Why Pentecost

Why Pentecost?
The Church in the Woottons

Like London buses, our bank holidays come in clusters – several close together followed by none for ages. The Christmas cluster was followed by the Easter and May bunch, and with the exception of one in late August there are no more on the national calendar until Christmas Day.
Many of England’s bank holidays have a religious origin. The word ‘holiday’ is a derivation of the original title ‘holy day’, which explains why banks closed for the day – and still do in spite of most stores opening in response to public demand. The recent Spring bank holiday, which until 1971 was a movable feast on the Monday following Whitsun seven weeks after Easter, typifies how the rhythm of the year based on the Christian story has gradually diminished since World War 2.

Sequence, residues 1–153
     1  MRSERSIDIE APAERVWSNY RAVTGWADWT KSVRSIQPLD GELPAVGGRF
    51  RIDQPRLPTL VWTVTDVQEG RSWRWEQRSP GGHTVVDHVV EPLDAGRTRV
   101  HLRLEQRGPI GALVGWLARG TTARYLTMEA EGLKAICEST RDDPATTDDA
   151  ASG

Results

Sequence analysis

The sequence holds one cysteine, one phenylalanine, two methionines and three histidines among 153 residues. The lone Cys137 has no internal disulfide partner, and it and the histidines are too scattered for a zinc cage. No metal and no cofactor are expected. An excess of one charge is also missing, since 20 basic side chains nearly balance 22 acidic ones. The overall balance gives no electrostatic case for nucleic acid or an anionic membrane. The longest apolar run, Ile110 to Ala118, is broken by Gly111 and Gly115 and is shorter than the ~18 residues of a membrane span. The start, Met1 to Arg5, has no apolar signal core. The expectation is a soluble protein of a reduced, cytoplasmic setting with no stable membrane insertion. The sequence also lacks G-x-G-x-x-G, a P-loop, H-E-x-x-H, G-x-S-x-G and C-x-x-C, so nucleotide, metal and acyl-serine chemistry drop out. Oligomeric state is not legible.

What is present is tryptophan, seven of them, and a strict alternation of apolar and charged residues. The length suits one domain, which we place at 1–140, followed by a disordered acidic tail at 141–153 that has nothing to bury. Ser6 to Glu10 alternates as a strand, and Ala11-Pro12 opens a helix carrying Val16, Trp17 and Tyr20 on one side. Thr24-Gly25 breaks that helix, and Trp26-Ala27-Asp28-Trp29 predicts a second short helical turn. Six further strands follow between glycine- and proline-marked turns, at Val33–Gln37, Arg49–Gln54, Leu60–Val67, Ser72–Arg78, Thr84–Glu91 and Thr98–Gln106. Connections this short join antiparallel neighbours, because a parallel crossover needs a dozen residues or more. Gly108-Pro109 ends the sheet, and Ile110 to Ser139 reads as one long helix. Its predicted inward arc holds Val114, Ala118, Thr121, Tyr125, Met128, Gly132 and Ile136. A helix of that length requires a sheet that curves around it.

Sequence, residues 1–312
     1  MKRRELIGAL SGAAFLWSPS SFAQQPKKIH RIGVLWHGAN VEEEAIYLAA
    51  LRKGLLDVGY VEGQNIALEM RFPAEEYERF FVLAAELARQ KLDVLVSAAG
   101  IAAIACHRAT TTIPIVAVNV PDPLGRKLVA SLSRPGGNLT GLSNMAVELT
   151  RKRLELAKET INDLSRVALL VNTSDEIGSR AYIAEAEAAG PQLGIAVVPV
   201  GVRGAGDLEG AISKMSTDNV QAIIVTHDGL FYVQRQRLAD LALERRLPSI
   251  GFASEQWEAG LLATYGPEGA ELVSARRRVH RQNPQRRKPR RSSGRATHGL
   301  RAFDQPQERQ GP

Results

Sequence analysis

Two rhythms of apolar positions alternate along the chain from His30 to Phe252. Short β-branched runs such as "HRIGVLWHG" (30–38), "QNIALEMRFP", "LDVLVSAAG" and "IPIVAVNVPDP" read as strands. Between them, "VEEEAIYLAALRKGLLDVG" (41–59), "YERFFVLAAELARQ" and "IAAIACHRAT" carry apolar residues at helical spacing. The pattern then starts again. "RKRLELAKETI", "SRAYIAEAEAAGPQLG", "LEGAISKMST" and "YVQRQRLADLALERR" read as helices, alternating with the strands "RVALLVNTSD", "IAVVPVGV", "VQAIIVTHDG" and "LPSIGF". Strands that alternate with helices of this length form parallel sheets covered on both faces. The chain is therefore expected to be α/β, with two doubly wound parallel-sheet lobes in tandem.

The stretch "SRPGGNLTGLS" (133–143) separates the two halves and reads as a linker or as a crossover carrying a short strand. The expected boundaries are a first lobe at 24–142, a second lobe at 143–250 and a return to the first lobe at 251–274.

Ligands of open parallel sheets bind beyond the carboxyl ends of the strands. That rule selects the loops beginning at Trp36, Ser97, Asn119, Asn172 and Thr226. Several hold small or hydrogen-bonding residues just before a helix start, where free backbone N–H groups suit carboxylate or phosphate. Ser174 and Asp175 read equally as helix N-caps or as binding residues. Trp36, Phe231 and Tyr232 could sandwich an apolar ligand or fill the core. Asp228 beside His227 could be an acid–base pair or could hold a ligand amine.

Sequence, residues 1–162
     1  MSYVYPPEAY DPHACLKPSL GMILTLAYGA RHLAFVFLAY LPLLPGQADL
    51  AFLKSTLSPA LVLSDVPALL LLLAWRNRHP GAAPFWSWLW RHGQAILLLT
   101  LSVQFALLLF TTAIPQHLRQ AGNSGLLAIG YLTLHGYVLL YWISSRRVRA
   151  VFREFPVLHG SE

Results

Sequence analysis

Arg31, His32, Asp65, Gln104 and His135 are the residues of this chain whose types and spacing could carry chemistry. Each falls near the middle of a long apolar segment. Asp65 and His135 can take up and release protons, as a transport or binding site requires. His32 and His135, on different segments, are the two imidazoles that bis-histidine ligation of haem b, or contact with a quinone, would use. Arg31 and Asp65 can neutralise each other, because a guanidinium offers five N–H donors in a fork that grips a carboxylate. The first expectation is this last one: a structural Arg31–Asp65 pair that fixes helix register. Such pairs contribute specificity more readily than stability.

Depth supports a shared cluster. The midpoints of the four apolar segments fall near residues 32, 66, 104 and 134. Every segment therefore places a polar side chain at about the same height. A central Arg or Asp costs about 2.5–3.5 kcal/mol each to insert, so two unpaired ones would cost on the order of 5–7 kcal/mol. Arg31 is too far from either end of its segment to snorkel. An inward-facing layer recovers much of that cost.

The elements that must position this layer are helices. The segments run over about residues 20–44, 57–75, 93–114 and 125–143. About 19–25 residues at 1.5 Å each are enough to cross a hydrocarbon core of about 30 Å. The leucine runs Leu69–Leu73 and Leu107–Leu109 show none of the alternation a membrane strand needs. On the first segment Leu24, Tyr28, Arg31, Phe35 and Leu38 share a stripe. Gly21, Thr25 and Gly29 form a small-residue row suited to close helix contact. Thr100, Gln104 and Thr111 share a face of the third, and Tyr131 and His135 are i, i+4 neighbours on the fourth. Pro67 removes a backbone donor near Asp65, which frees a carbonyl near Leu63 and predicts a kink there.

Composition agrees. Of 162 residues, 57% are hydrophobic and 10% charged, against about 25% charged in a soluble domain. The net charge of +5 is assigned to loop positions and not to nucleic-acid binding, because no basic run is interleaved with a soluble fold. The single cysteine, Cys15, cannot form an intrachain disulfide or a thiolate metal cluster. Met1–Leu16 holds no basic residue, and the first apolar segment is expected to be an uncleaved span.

However, we can still celebrate! The name Whitsun has been replaced by the much more meaningful Pentecost, which this year falls on Sunday 8th June. Stemming from a Jewish festival 50 days after the Passover, it’s the most significant Christian occasion after Christmas and Easter.
Why? Because it marks the birthday of the Church. Soon after Jesus Christ the Son of God had returned to heaven, having lived for 33 years as a man before enduring a cruel death and rising again, God sent his Holy Spirit at Pentecost to inspire Jesus’s disciples to continue his work on earth. That same Spirit lives today in the hearts of all who are prepared to serve and love him. Contact your local church to learn more!

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